Continue reading ‘Carbonate system parameters of an algal-dominated reef along West Maui (update)’

Ocean acidification changes the structure of an Antarctic coastal protistan community (update)

Antarctic near-shore waters are amongst the most sensitive in the world to ocean acidification. Microbes occupying these waters are critical drivers of ecosystem productivity, elemental cycling and ocean biogeochemistry, yet little is known about their sensitivity to ocean acidification. A six-level, dose–response experiment was conducted using 650 L incubation tanks (minicosms) adjusted to a gradient in fugacity of carbon dioxide (fCO2) from 343 to 1641 µatm. The six minicosms were filled with near-shore water from Prydz Bay, East Antarctica, and the protistan composition and abundance was determined by microscopy during 18 days of incubation. No CO2-related change in the protistan community composition was observed during the initial 8 day acclimation period under low light. Thereafter, the response of both autotrophic and heterotrophic protists to fCO2 was species-specific. The response of diatoms was mainly cell size related; microplanktonic diatoms ( >  20 µm) increased in abundance with low to moderate fCO2 (343–634 µatm) but decreased at fCO2  ≥  953 µatm. Similarly, the abundance of Phaeocystis antarctica increased with increasing fCO2 peaking at 634 µatm. Above this threshold the abundance of micro-sized diatoms and P. antarctica fell dramatically, and nanoplanktonic diatoms ( ≤  20 µm) dominated, therefore culminating in a significant change in the protistan community composition. Comparisons of these results with previous experiments conducted at this site show that the fCO2 thresholds are similar, despite seasonal and interannual differences in the physical and biotic environment. This suggests that near-shore microbial communities are likely to change significantly near the end of this century if anthropogenic CO2 release continues unabated, with profound ramifications for near-shore Antarctic ecosystem food webs and biogeochemical cycling.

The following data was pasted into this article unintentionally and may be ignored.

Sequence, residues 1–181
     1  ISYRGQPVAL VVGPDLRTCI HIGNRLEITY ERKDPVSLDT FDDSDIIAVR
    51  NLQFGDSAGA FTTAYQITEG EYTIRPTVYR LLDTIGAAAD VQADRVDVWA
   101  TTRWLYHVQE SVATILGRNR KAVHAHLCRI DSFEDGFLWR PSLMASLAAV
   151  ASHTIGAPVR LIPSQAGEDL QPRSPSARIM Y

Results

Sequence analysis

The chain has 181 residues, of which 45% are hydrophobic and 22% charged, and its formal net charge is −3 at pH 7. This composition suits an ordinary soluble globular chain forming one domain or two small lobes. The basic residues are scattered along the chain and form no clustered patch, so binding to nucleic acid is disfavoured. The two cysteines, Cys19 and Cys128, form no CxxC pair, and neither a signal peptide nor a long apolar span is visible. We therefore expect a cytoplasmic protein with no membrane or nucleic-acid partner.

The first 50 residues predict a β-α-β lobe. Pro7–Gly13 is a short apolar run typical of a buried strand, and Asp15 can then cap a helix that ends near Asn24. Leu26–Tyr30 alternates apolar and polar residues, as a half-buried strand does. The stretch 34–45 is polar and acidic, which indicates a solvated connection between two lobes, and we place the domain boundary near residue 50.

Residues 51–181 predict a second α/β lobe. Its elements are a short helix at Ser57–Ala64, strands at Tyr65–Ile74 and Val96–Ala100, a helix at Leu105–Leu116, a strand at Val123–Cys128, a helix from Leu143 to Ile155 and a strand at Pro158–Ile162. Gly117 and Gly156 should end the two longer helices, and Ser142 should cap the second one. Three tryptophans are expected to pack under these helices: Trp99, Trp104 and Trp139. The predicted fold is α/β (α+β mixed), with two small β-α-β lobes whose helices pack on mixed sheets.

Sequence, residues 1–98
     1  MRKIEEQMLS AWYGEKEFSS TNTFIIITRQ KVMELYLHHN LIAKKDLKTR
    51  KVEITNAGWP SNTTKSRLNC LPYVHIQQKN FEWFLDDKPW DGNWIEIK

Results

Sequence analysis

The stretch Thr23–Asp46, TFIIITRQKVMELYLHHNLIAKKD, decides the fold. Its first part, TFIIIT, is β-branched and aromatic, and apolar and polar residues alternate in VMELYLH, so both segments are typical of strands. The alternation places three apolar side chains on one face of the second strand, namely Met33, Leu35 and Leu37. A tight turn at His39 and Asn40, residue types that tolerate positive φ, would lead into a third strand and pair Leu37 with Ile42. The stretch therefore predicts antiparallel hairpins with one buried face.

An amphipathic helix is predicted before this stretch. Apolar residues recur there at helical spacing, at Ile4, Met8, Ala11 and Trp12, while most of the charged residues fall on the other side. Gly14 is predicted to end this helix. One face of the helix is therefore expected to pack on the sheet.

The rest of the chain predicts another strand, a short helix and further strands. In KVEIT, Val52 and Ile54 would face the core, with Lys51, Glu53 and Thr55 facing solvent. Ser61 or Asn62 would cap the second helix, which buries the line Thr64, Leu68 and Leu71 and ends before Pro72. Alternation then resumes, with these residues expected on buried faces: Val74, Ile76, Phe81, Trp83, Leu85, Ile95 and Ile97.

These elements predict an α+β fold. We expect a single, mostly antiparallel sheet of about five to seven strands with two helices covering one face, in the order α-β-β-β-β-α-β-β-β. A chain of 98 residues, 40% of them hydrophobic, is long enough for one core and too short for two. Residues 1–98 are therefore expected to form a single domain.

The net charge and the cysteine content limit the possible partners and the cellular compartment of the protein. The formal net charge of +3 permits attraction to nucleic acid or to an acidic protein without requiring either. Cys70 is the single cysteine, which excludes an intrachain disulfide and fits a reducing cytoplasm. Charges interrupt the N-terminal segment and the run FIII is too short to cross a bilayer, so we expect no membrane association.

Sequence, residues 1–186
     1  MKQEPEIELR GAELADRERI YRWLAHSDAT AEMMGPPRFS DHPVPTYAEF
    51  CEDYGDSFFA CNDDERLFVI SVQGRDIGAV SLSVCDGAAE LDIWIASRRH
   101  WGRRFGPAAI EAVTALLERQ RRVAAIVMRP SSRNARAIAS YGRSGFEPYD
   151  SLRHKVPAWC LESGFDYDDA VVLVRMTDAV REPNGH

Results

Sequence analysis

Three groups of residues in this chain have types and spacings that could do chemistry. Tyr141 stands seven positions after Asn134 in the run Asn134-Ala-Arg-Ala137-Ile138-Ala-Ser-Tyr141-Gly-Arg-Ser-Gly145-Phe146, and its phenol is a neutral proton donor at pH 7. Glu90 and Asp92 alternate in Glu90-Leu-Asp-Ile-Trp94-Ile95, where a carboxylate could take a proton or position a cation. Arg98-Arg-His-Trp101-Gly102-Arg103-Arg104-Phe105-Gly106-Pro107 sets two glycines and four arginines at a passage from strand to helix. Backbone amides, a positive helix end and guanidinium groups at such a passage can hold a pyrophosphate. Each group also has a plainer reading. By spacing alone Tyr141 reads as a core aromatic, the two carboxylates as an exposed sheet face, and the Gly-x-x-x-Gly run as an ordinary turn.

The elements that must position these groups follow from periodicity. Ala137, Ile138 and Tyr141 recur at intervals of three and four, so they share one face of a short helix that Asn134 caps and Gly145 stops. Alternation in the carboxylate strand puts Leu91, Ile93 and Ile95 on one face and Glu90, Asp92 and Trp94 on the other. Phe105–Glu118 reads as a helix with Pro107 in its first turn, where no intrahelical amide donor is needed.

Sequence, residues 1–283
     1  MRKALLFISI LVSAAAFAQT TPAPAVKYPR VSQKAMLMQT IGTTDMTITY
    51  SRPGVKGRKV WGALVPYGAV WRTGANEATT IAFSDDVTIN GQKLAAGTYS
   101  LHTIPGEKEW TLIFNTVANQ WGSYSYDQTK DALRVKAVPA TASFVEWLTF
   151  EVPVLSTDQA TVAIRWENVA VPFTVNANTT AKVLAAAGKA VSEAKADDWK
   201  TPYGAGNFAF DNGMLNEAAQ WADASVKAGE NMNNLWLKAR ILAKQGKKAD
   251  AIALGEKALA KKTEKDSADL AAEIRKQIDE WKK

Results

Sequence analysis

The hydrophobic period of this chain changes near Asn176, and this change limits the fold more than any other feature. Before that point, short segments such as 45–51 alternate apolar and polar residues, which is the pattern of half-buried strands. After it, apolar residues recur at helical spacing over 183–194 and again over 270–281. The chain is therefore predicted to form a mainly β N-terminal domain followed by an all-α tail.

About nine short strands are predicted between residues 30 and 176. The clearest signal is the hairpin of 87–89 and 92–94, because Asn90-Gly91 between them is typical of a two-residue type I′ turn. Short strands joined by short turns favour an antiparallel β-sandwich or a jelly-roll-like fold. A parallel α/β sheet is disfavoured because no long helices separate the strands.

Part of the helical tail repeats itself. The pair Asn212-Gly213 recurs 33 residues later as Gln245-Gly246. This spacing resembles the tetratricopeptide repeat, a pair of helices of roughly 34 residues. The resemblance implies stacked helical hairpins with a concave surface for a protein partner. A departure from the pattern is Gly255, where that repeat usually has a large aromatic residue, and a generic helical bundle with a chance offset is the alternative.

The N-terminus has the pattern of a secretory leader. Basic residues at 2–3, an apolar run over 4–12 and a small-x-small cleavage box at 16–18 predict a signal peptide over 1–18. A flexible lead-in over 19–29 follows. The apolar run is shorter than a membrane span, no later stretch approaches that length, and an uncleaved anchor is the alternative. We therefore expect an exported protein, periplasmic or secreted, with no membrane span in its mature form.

Continue reading ‘Ocean acidification changes the structure of an Antarctic coastal protistan community (update)’

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Ocean acidification in the IPCC AR5 WG II

OUP book